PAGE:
No silver lining for war time genius Turing...

Alan Turing
Alan Turing

AS part of our backing for the campaign to clear the name of Bletchley Park genius Alan Turing, our resident historian John Taylor takes a look at the life of the ‘father of computing’.

BORN in Paddington on June 23, 1912, Alan Mathison Turing displayed early powers of deduction by planting his toy soldiers in the ground to make them grow.

Educated at Sherborne, he studied maths at King’s College Cambridge and his paper ‘On Computable Numbers’ would prove fundamental to the development of modern computing.

His work took him to America but with the prospect of war he returned to Britain and was recruited for code breaking. In consequence he reported for duty at Bletchley Park on September 4, 1939, and for much of the war would be accommodated at the Crown Inn at Shenley Brook End, the story of which was told in ‘The Way We Were,’ March 10, 2011.

In 1940 Britain faced imminent invasion and Alan, aware that in World War One only silver had appreciably increased in value, converted his savings into two silver bars (of a combined value of some £250) loaded then onto an old pram and set off to hide his treasure in the countryside.

Choosing a wood in which to bury one of the bars he next proceeded to a nearby bridge, to sink the other in the muddy bed of the stream. Writing the locations down in code, he then resumed his wartime work, being known at Bletchley Park as ‘the Prof,’ ‘wild as to hair and clothes and conventions.’

Continuing the progress pioneered by the Poles he would be instrumental in developing the ‘bombe,’ which from late 1940 enabled all the messages sent by the Enigma machines of the Luftwaffe to be decoded, and it was also greatly due to his work, initially conducted alone in Hut 8 at Bletchley park, that by mid 1941 the German navy signals were being unravelled.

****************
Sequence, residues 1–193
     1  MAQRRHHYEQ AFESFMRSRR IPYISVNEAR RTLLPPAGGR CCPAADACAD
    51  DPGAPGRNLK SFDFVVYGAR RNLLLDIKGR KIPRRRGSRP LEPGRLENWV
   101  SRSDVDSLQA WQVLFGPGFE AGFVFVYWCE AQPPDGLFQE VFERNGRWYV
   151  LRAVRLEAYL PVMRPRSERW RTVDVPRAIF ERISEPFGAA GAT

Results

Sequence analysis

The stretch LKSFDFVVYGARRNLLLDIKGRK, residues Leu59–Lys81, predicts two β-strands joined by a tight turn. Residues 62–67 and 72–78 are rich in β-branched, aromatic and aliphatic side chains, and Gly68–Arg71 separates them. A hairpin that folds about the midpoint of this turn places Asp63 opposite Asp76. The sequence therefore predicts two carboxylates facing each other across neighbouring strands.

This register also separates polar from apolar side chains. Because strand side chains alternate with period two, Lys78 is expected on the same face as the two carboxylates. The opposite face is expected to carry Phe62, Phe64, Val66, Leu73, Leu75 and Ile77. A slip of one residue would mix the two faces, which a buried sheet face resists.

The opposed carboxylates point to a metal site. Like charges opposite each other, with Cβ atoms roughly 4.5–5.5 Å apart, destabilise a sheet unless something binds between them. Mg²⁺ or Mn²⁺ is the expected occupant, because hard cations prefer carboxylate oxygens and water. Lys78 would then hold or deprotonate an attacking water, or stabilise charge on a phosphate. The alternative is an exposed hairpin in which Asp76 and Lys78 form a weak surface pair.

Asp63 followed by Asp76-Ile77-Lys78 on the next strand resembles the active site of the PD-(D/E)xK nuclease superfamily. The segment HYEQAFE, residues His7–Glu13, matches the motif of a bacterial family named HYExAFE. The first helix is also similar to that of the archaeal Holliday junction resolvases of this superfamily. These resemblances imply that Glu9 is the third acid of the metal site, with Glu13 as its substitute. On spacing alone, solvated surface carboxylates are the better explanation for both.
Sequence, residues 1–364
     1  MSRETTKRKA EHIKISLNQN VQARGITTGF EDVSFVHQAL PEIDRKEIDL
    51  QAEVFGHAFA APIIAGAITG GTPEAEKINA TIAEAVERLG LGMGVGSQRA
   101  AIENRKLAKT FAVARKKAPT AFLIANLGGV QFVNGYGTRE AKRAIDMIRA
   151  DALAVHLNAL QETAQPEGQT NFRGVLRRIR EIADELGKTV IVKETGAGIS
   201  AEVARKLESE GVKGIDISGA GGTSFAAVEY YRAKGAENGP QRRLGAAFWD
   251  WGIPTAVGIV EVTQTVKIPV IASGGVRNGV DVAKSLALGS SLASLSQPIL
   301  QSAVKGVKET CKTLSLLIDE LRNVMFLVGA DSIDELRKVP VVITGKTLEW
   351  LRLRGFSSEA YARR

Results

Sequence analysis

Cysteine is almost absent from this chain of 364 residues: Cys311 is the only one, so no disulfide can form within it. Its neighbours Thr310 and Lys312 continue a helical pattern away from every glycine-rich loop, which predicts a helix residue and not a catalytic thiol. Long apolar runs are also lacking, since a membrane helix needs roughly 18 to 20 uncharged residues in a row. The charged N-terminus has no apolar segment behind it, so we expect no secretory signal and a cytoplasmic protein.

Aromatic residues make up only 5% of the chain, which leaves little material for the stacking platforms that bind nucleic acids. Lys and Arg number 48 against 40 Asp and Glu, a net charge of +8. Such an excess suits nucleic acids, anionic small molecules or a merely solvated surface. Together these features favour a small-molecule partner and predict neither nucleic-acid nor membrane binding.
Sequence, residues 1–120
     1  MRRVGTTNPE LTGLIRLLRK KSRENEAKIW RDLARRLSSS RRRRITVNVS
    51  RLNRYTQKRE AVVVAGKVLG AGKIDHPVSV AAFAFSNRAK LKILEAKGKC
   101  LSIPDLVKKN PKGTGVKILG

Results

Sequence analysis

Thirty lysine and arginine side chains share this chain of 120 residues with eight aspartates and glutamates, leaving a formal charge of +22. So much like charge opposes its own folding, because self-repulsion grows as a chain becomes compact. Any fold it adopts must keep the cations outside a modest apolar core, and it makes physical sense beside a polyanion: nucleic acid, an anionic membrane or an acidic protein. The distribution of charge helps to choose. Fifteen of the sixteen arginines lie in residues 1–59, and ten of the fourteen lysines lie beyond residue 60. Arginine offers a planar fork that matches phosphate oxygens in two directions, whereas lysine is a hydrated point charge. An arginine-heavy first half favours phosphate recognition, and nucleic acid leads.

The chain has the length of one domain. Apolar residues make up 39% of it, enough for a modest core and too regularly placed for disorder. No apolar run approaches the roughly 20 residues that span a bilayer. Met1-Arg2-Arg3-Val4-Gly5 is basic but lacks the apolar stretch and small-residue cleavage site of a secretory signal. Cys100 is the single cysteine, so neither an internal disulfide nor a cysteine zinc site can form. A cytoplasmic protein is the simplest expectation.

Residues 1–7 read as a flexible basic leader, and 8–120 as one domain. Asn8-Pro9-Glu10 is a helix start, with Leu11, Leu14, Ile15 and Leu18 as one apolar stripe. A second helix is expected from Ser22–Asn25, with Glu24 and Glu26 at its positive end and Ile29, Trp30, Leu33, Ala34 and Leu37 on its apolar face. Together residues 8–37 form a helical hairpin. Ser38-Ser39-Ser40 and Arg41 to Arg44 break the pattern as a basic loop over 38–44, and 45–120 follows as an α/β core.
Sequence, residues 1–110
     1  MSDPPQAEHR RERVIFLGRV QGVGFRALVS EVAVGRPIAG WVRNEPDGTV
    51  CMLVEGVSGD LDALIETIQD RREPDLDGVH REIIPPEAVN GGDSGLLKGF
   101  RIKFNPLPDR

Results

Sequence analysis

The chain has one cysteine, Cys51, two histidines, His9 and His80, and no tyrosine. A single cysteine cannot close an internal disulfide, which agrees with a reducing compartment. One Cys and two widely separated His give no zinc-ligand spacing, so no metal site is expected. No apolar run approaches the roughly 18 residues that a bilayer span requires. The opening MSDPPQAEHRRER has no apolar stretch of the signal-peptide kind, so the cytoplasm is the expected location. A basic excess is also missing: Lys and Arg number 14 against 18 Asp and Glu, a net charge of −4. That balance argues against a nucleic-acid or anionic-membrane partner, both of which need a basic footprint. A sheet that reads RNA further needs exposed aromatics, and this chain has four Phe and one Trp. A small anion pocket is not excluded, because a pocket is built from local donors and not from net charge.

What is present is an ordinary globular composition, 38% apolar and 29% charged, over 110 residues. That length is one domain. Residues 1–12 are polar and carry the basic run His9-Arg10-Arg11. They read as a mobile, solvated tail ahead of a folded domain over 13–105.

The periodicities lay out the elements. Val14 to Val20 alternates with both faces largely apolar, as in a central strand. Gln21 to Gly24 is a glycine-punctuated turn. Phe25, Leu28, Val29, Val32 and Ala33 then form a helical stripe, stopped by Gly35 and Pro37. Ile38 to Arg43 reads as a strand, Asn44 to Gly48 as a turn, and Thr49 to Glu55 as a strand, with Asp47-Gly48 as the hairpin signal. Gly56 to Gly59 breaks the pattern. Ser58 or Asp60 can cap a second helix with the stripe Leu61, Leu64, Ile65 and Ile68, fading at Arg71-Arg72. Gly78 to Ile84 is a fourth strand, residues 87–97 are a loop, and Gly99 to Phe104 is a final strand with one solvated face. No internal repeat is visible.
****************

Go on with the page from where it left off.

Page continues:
After the war, not surprisingly Alan tried to retrieve his hidden silver bars and after one failed excursion in 1946 he and a friend began another search, now equipped with a home made metal detector.

However, instead of a third of any proceeds his friend had opted for a flat payment of £5 and this would prove a wise decision since yet again the search was disappointing.

Then in later years while Alan was visiting a friend and his wife at Woburn Sands another excursion was made, for which a commercial metal detector had been acquired.

With their investigations commencing at the bridge, despite remarking that ‘It looks a bit different now’ Alan paddled into the mud but found that the bed of the stream had been concreted over.

They then proceeded to the wood and although the pram was found there was no evidence of the bar.

With the war at an end, and no mention of his wartime achievements allowed, drawing on his recent experience Alan turned his attention to the creation of an electronic computer and in 1950 wrote his famous paper ‘Computing Machinery and Intelligence in Mind,’ in which he proposed the Turing Test to see whether a computer could be ‘intelligent.’

As for his private life, despite having once proposed marriage to a female colleague his sexual preference lay elsewhere and in February 1952 he was arrested for ‘misconduct’ with a Manchester man.

As an alternative to prison he opted for a course of oestrogen injections and continued his scientific work, only to die in June 1954 from poisoning by potassium cyanide, found on a half eaten apple beside him.

Supposedly this was suicide but with shades of the recent past perhaps the real truth will never be known.

> Mr Turing received an official apology from former Prime Minister Gordon Brown in 2009, but he has still not received a pardon for his ‘crime’ of ‘gross indecency’.

A petition calling for Mr Turing to be pardoned has already been signed by more than 30,000 people.

Lord McNally recently rejected the call in the House of Lords, but the national campaign continues and the Citizen is asking people to back it.

To add your name to the list visit www.epetitions.direct.gov.uk/petitions/23526